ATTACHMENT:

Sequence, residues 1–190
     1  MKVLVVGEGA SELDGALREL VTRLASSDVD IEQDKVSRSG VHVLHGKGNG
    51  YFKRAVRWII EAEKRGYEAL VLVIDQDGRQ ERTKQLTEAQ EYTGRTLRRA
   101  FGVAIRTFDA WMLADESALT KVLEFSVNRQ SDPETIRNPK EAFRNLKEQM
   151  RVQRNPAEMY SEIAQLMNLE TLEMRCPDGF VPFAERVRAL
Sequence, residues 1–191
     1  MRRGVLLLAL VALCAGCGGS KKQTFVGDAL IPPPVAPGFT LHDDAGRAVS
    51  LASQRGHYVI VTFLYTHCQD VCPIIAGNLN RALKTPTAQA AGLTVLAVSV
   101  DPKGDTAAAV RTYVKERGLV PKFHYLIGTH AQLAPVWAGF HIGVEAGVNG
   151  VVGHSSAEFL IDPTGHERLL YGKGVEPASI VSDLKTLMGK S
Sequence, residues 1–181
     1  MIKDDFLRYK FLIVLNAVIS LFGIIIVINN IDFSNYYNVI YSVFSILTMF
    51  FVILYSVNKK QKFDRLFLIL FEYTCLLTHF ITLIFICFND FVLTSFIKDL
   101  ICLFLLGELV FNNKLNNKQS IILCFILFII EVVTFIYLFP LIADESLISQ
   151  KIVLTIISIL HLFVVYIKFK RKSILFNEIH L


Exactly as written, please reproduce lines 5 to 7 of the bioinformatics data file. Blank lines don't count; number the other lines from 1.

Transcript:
   151  RVQRNPAEMY SEIAQLMNLE TLEMRCPDGF VPFAERVRAL
Sequence, residues 1–191
     1  MRRGVLLLAL VALCAGCGGS KKQTFVGDAL IPPPVAPGFT LHDDAGRAVS